Basware 2016 Results: Some Promising Signs – 2017 a Critical Year

Basware, probably the leading e-Invoicing firm in the world and one of the leaders in wider purchase to pay and other procurement software, announced their final quarter and full-year 2016 results last week. It was the first test for new CEO, Vesa Tykkyläinen, who took over from Esa Tihilä last September.

If you measure the results by the effect on the share price, then this was a “met expectations” announcement, with the share price hardly moving last week, although it did decline slightly ahead of the results. It is clear that the firm is in the midst of a huge transformation, from being a two-pronged business -  “traditional” on-premise software plus an eInvoicing services business – to a position as a modern cloud-based software and solutions provider.

So revenues have been flat for a while; organic net sales at constant currencies were down 3% for Q4 16 versus Q4 15, and up 0.3% for the whole of 2016. Assuming that includes the benefit of Verian, acquired in early 2016, that is disappointing. But more positively, the share of cloud revenue is growing strongly.  Tykkyläinen has made that metric THE key number, and cloud revenues are now 47% of total sales compared to 38.5% in Q4 2015.  During the next few months, cloud should overtake non-cloud, and cloud revenues were 25% higher in that last quarter compared to a year earlier.

Adjusted EBITDA was down, but that was affected by a EUR 5 million charge for the programme of lay-offs in recent months (the “productivity programme”), which has seen over 100 people leave the firm. That will save EUR 7 -8 million a year though, and will help the firm with the “sales per employee” metric, which has not compared well to many competitions.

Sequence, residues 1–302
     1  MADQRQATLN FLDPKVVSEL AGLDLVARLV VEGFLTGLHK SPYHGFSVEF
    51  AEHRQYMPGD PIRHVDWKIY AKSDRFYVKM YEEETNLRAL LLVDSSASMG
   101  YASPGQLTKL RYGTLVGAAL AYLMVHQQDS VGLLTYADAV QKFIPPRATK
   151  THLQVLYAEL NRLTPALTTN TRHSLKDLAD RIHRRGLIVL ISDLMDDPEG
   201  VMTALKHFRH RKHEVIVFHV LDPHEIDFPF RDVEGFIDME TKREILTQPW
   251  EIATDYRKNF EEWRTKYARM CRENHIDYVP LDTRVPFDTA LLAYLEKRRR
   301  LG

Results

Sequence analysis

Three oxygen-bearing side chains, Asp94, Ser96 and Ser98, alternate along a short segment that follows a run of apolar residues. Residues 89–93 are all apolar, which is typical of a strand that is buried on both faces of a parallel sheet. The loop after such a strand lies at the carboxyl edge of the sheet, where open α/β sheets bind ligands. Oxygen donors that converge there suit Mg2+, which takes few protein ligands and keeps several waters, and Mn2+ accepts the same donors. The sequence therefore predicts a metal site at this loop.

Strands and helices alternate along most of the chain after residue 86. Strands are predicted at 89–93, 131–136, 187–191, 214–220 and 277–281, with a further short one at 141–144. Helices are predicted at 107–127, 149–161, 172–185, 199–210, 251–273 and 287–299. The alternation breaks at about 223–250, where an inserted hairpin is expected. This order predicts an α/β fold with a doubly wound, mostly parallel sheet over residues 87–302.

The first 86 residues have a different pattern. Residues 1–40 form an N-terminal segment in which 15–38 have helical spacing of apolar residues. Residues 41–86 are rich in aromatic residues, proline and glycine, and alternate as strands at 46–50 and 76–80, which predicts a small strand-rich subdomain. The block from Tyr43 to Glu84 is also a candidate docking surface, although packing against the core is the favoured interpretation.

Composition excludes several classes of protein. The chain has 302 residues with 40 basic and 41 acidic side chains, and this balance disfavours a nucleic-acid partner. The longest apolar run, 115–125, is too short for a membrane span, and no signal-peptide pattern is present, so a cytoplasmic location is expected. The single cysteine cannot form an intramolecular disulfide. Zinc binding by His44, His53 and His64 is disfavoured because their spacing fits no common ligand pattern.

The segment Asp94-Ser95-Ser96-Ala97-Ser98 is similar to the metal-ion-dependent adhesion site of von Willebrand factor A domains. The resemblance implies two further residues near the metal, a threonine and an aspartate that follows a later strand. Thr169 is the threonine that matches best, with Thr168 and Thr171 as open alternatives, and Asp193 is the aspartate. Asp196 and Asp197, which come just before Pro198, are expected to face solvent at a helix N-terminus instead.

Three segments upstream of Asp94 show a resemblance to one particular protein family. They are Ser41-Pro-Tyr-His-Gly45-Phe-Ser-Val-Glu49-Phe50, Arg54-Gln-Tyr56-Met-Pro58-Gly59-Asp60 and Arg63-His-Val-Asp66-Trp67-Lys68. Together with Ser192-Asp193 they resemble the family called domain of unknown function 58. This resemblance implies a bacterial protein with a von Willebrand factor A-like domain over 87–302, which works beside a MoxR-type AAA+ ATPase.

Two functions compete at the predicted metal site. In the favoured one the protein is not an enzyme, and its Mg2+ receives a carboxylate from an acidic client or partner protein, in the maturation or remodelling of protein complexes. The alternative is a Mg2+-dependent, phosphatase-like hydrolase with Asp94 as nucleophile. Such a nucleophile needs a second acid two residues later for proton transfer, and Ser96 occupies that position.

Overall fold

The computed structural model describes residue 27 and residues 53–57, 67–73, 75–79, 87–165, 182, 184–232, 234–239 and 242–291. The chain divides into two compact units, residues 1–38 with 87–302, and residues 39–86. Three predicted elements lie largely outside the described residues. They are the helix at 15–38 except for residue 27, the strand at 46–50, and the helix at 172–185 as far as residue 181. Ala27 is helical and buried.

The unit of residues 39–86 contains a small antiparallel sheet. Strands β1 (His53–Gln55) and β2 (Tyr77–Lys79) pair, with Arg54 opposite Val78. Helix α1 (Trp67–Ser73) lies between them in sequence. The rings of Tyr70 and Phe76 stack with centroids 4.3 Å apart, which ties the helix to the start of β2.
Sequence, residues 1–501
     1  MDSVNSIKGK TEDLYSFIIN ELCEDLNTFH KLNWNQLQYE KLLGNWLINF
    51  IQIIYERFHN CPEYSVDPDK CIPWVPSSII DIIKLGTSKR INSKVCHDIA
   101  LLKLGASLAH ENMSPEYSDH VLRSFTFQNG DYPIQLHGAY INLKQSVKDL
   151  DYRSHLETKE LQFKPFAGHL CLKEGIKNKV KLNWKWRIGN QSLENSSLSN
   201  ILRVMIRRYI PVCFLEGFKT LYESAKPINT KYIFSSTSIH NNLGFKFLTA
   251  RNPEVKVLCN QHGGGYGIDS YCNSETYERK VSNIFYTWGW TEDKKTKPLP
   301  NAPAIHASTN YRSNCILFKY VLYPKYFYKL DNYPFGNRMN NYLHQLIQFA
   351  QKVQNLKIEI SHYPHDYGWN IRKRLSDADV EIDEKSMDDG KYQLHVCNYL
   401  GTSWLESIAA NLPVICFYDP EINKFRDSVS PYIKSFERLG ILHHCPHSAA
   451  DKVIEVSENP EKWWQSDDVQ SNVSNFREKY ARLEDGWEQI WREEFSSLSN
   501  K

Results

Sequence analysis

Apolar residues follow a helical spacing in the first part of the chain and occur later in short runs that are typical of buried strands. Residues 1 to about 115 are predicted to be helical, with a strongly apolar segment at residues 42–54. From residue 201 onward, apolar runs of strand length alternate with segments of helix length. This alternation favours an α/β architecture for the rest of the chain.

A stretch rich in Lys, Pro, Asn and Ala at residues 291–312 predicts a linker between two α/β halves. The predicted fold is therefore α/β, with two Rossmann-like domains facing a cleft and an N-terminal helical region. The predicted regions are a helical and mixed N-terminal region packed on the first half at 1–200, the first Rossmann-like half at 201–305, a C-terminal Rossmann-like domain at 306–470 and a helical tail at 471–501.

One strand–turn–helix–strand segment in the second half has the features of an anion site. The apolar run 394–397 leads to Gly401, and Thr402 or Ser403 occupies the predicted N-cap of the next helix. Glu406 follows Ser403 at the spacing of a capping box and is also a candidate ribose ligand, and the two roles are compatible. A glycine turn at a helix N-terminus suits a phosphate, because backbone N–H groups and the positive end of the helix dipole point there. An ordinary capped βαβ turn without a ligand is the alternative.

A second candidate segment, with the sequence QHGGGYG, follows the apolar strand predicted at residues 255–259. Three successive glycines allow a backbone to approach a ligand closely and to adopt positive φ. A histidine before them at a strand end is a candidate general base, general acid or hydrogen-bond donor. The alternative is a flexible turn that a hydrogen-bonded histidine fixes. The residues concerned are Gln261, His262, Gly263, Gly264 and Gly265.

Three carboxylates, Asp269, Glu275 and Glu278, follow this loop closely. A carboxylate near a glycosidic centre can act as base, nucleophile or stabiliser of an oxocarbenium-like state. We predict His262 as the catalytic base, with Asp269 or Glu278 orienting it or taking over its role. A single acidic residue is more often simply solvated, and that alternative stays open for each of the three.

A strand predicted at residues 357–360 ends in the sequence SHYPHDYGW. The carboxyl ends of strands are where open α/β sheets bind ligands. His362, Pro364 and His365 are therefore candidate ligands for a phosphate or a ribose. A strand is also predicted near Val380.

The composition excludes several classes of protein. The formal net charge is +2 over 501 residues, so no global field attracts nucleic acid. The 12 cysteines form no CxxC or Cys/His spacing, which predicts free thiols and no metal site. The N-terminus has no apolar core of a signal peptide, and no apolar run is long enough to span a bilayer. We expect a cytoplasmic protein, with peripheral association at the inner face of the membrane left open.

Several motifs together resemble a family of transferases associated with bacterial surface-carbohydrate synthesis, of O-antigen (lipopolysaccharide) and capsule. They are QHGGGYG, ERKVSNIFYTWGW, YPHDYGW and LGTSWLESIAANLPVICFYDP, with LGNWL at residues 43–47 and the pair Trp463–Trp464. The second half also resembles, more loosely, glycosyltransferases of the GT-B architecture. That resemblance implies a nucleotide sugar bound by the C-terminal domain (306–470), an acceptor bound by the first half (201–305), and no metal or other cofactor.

Sales and marketing investment has also grown, much of it in additional staff, and there were more positive signs for the firm. There was a volume growth of 19% in business going through their network, which is a vital factor for future growth and profitability. Perhaps even more encouraging was the 27 “go live” clients for the Alusta software as a service platform in the fourth quarter, compared to 13 in the same period in 2015.

The financing services side of the business is gaining traction, with some pilot projects under way, but getting real uptake here seems to be a slower process than expected (something others like Tungsten have also found).

All in all, the market reaction was probably right. This is a transitional period, with the switch to “cloud” being a once-in-a-lifetime strategic driver that Basware must manage successfully if the firm is to survive and thrive. Combine that with a new CEO, and it is clear that 2017 is a critical year. As our colleagues have said before, Basware has some excellent products and technology across the procurement technology space – perhaps 2017 will be the year they “get their mojo back”, as Jason Busch put it here !

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